Workers on the new span of the Bay Bridge. (Andrew Stelzer/KQED)
Workers on the new span of the Bay Bridge (Andrew Stelzer/KQED)

1. The bridge is closing.

Hopefully by now you’ve heard the news that the Bay Bridge is closing tonight (Wednesday, Aug. 28) at 8 p.m., and is scheduled to remain closed until next Tuesday morning, Sept. 3, at 5 a.m.

If you need to get to San Francisco International Airport at 2 a.m. Friday from Berkeley, you’re in luck, because BART is running hourly all-night service until Monday night at 14 stations. However, if you face the same challenge after midnight Monday you need to start looking at alternatives, since BART needs to shut down that night for inspections. (It will reopen at 4 a.m. Tuesday.)

Almost every transit system in the Bay Area is chipping in to help get you from here to there with extra ferries, buses and trains. But if you’re driving, get ready for some serious gridlock. For example, Golden Gate Transit says to expect at least a one-hour delay crossing the bridge between Marin County and the city’s northern point. For more information on your options, check out our Bay Bridge closure guide.

2.  Is the new span safe?

Since a section of the Bay Bridge’s eastern span snapped during the Loma Prieta earthquake in 1989, there’s been a clear need to retrofit. But the journey to today’s Bay Bridge span has been plagued by problems and doubts. The most recent set of concerns came in March 2013 when Caltrans officials revealed that several giant bolts that attach the bridge deck to earthquake shock absorbers had broken. In mid-August the Toll Bridge Program Oversight Committee unanimously approved a decision to open the new span, after earlier approving a temporary retrofit for the broken-bolt problem.

As part of the temporary retrofit, workers are installing steel plates in the area of the broken bolts to help prevent movement during an earthquake. There’s also a permanent fix that is to be finished by mid-December, as workers are building a steel saddle to replace the clinching function of the failed bolts.

Four independent groups have verified the plan, including the Seismic Safety Peer Review Panel, the Federal Highway Administration and two engineering firms.

“It has taken too long. But I do believe when we talk about the safety of the new bridge, we have to keep the safety of the old bridge in mind,” Steve Heminger, executive director of the Metropolitan Transportation Commission, told the Associated Press. “It is a comparison. Which one is safer? We need to get people on the safer one as soon as possible.”

You won’t be able to see most of the bolt work this fall, as it’s being completed under the bridge.

3. What are they working on while the bridge is closed this weekend?

While most of the work on the new span of the Bay Bridge has been completed, now it’s time to pull the pieces together, pave the roads, mark the lanes, complete a last inspection and cut the ceremonial chain. On Wednesday night, workers will begin demolishing the old westbound approach to the bridge and then begin one of the biggest projects of the weekend, paving the connecting road from the toll plaza to the bridge.

“It’s not complicated, but we need to complete it,” said Bay Bridge spokesman Andrew Gordon.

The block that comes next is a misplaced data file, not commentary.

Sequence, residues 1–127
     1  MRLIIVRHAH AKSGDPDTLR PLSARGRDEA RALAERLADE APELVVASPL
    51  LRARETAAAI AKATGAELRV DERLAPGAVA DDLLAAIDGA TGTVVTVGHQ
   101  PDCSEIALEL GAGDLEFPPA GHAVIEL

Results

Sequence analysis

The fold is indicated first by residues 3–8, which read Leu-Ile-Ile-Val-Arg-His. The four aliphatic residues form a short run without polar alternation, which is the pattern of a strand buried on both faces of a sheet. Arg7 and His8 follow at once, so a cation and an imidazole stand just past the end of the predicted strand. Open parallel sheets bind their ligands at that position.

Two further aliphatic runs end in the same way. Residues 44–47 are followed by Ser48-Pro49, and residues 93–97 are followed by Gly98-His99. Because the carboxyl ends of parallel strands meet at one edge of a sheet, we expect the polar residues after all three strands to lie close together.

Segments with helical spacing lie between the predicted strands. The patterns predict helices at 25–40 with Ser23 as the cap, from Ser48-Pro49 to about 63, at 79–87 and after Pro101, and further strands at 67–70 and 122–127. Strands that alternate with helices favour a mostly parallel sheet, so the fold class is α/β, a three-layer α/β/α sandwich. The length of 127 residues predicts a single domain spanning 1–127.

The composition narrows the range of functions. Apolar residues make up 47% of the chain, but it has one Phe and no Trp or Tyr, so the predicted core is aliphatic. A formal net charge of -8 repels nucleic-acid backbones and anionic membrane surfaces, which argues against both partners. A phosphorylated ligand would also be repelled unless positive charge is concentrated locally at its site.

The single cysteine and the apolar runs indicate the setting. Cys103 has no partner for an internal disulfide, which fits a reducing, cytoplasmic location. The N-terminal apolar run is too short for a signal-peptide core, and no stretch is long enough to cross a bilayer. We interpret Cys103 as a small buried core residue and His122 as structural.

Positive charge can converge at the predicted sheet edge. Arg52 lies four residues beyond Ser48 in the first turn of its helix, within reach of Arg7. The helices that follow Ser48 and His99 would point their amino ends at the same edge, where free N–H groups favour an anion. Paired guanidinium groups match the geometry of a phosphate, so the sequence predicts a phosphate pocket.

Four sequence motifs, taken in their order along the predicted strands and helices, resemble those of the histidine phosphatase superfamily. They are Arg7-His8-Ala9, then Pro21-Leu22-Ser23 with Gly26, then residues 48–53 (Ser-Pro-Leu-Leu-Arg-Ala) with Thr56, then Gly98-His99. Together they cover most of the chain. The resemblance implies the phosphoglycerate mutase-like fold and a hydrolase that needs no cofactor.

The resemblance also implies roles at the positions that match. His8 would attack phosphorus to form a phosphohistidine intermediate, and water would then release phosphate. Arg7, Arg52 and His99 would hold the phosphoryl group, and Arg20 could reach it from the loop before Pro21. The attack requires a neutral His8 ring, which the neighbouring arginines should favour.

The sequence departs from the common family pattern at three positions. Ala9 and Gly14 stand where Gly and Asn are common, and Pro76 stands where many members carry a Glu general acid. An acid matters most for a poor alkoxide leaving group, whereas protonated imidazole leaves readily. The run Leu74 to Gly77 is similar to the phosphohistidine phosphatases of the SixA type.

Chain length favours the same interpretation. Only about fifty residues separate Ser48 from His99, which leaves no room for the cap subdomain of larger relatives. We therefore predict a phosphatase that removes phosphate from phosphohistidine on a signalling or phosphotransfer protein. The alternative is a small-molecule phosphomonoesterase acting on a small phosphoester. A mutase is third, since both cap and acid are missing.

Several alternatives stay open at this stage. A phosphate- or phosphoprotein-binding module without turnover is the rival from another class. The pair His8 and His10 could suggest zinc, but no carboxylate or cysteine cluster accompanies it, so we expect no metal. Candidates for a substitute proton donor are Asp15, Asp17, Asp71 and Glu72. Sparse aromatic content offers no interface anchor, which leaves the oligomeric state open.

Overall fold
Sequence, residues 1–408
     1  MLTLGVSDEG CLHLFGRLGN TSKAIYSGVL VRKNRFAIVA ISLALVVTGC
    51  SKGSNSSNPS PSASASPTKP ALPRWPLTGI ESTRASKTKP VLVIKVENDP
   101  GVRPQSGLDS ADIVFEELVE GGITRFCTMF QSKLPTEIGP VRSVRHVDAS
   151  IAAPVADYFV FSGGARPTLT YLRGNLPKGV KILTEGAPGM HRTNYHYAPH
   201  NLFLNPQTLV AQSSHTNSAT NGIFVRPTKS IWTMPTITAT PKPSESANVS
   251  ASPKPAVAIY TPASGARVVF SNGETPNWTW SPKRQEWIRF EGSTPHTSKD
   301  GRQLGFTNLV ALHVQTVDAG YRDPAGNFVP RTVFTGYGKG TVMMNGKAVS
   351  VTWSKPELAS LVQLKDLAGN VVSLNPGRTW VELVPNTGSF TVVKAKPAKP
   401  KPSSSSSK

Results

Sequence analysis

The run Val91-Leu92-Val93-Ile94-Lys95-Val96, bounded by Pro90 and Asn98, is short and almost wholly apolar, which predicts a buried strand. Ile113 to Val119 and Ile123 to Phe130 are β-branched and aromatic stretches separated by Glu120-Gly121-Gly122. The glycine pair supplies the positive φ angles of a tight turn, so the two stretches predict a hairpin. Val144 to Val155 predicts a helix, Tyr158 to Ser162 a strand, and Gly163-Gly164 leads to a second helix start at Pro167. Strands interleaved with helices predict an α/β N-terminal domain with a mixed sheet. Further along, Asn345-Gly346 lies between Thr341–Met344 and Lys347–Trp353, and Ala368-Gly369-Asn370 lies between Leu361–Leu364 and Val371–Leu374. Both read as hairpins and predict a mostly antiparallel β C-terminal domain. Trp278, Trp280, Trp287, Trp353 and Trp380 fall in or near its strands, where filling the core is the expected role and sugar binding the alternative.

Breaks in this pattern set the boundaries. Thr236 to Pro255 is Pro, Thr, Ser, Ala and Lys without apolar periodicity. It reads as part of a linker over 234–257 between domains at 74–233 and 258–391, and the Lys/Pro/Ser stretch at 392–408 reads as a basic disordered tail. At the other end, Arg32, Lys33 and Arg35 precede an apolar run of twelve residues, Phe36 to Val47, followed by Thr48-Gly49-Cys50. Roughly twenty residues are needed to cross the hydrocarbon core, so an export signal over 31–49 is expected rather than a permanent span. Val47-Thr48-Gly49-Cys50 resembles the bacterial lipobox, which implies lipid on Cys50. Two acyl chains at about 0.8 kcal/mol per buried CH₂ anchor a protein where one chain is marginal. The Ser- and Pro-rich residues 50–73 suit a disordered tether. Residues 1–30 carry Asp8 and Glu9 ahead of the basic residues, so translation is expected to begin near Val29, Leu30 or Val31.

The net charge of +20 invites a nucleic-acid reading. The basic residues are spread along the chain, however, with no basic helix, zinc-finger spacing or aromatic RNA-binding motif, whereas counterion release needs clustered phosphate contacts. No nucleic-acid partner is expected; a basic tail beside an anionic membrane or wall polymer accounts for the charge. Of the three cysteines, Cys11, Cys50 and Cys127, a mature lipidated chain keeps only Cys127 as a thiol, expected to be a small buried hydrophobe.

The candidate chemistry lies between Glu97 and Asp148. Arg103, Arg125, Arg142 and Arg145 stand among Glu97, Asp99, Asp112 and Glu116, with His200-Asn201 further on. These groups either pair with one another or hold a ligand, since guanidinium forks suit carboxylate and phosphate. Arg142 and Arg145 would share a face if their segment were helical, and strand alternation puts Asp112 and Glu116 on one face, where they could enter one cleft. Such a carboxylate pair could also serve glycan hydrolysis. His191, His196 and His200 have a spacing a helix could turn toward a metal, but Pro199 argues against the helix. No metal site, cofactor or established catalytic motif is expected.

Afterthe asphalt is dry and the demolition has been completed, workers will install the temporary pedestrian and bike pathway and stripe the road. Finally, workers will install a barrier rail and clean up for a ceremonial chain cutting at 3 p.m. Monday. If all goes as planned, the first cars will cross the new span at 5 a.m. on Tuesday.

You can watch the construction efforts online.

4. Can I bike across the bridge on Tuesday?

Not quite. At noon on Tuesday, bicyclists and pedestrians will be able to take temporary wooden ramps up to the bridge from the Bay Trail or along a path paralleling Burma Road. However, the full trail —  stretching from Oakland to Yerba Buena Island/Treasure Island — will not be open until 2015. Workers still need to demolish a portion of the old span and connect the paths. Until then, pedestrians will be able to get about as far as the tower. No dedicated parking exists near the trailheads in Emeryville and Oakland, so check out the path map.

There will be two lanes in each direction, one for pedestrians and one for bicyclists. There’s also a speed limit of 15 mph.

View Bay Bridge Pathway Bike Access in a larger map

5. What happens to the old span?

The Bay Area Toll Authority has budgeted $239.1 million and an estimated three years to demolish the old Bay Bridge span. The structure has been divided (on paper) into separate parts, and different contractors will take on each section. California Engineering Contractors Inc. and Silverado Contractors Inc. will remove the cantilever section, the east and west tie-in structures and the S-curve detour structure. The other contracts have not been awarded yet.

The bridge has to be taken down in the reverse order from how it was originally built. The cantilever section will be removed first. One of the hardest parts, though, will be the last: removing the marine foundations.

Some sections of the bridge will be preserved, said Gordon. After that, it’s up to the contractors as to what they want to do with the spare parts.

5 Things You Should Know About the Bay Bridge Closure 28 August,2013Lisa Pickoff-White

Sponsored by

Become a KQED sponsor